How to… deal with intimidating families

Ray Braithwaite offers guidance on managing highly resistant behaviour

Ray Braithwaite offers guidance on managing highly resistant behaviour

Two serious case reviews published in July highlighted a key issue facing child protection social workers: in both situations, the parents or carers used intimidation and disguised compliance to keep social workers at arm’s length. The wrong decisions were made and crucial signs of abuse were missed.

Intimidation has many forms ranging from the more obvious threats, such as shouting and use of abusive language, to the less obvious use of silence, creating a powerful presence and constant bullying. Some family members will even imply that their social worker is incompetent or displaying inappropriate behaviour, and request a replacement.

Here is a guide to managing highly resistant behaviour.

1 Always ensure you are safe

Find out whether you can access training on managing aggression. Take responsibility for your own personal safety and follow procedures such as visiting in pairs, carrying a mobile phone, having a call-back procedure at the end of your visit and parking your car facing the way you intend to leave.

2 Identify resistant behaviour yourself

Keep factual notes with dates and descriptions of any behaviour that indicates intimidation. Look back at the case history on a regular basis to see if there is a recurring pattern. Time spent reading case information is always useful and may reduce the amount of time you need to invest in working with the family further down the line.

3 Consider a fresh approach

If possible, find out what any previously allocated social workers or other staff did to manage resistant behaviour from that particular family. Was their approach successful? If not, you may need to find another way to work with the family, using the following as a guide.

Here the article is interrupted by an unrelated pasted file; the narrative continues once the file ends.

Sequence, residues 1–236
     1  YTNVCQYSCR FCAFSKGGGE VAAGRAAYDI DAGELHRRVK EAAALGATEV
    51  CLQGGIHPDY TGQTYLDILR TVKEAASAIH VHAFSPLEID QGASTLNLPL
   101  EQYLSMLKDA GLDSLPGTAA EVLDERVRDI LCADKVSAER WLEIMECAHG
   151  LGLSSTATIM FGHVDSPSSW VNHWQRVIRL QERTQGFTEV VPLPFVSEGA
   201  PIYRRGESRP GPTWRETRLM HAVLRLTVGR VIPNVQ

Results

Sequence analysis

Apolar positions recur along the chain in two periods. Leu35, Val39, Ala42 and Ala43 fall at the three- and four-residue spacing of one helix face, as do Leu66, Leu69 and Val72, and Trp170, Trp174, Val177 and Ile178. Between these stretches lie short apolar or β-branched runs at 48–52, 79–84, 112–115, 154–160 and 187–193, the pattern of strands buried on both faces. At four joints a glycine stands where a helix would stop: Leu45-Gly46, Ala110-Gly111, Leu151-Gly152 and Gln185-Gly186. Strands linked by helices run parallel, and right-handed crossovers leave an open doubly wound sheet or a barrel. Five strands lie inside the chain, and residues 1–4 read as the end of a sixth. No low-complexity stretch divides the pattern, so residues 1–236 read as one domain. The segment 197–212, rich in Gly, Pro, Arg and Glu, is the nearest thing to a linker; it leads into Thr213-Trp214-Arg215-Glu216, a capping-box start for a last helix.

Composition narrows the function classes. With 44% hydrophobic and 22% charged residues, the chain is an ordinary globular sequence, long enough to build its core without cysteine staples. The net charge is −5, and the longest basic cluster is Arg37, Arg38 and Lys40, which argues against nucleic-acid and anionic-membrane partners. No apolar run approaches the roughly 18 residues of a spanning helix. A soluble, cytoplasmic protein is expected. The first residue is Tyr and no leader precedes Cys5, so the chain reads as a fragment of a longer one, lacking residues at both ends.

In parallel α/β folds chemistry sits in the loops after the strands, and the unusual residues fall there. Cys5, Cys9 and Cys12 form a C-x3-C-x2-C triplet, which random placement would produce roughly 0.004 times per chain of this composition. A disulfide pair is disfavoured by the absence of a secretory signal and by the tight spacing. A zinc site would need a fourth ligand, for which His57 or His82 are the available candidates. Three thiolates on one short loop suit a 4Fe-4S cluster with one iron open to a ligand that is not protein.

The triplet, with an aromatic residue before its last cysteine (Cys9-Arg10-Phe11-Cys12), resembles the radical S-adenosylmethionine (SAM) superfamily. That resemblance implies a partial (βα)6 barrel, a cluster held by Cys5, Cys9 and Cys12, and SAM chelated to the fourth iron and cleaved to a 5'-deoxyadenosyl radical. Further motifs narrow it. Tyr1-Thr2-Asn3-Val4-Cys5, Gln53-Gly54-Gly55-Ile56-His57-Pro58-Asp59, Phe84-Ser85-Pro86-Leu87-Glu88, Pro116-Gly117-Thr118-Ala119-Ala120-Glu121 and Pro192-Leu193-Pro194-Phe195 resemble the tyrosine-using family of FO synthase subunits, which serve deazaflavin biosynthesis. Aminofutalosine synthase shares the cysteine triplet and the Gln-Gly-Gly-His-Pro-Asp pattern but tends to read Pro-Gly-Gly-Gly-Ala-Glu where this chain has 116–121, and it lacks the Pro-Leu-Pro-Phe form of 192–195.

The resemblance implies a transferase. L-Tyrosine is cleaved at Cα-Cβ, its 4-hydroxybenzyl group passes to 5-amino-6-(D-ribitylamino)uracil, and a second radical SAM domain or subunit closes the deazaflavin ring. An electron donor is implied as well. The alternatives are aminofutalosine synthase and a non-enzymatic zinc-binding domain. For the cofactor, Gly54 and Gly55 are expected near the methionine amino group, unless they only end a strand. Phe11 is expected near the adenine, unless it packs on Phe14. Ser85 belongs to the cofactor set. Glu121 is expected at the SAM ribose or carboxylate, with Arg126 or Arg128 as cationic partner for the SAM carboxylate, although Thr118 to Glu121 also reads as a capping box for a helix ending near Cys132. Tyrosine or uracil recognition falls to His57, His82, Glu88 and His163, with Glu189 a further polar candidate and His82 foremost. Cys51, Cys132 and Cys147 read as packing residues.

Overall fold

4 Be open with the family

If you think a parent or carer is using resistant behaviour, tell them as soon as you recognise it. Use straightforward, jargon-free language and back up your argument with dates and examples. Some examples you could relay to the family include:

● Agreeing to keep appointments and not doing so

● Hostility or non co-operation

● Agreeing to undertake individual actions and failing to achieve or complete them

● Putting little effort into making changes work

● Co-operating with some services but not making important changes

● No significant changes identified at reviews

● Changes do occur but as a result of the input of workers and not the parent or carer.

5 Establish or re-establish a written contract with the parent or carer

Identify a set of alternative behaviours you consider acceptable and achievable using the SMART goals: specific, measurable, achievable, realistic and timed. Be clear with the parent about the reason for your visits. Let them know you will be making unannounced visits and will want to see other parts of the house, such as where the child slept the night before.

6 Outline reasons why the parent or carer should co-operate

Talk through what the service user has to gain from co-operating and offer something, if possible, which may be perceived as a reward for compliance. This may include compliments and recognition, child minding or baby sitting to allow parents additional free time, a Yoga or massage session for the parent, financial incentive or additional social work input. Equally important is to detail the negative consequences of continued resistant behaviour.

7 Remember the child is the focus

On each visit, make sure you see and talk to the child away from the carer or parent, if the child’s age and ability permits. Again, make unannounced visits and look in other parts of the property, not just the room you are shown into.

8 Keep to a fixed timetable, and have a plan of action of changes do not occur

Monitor any changes and provide positive feedback to the parent or carer on each visit, clearly outlining any improvements. Identify any lack of progress, identify reasons for the lack of progress and help the family identify ways of overcoming these. The importance of good-quality, reflective supervision cannot be over-stressed here, because it is within such sessions that the social worker can identify progress or the lack of it.

Ray Braithwaite is a freelance trainer specialising in aggression and stress

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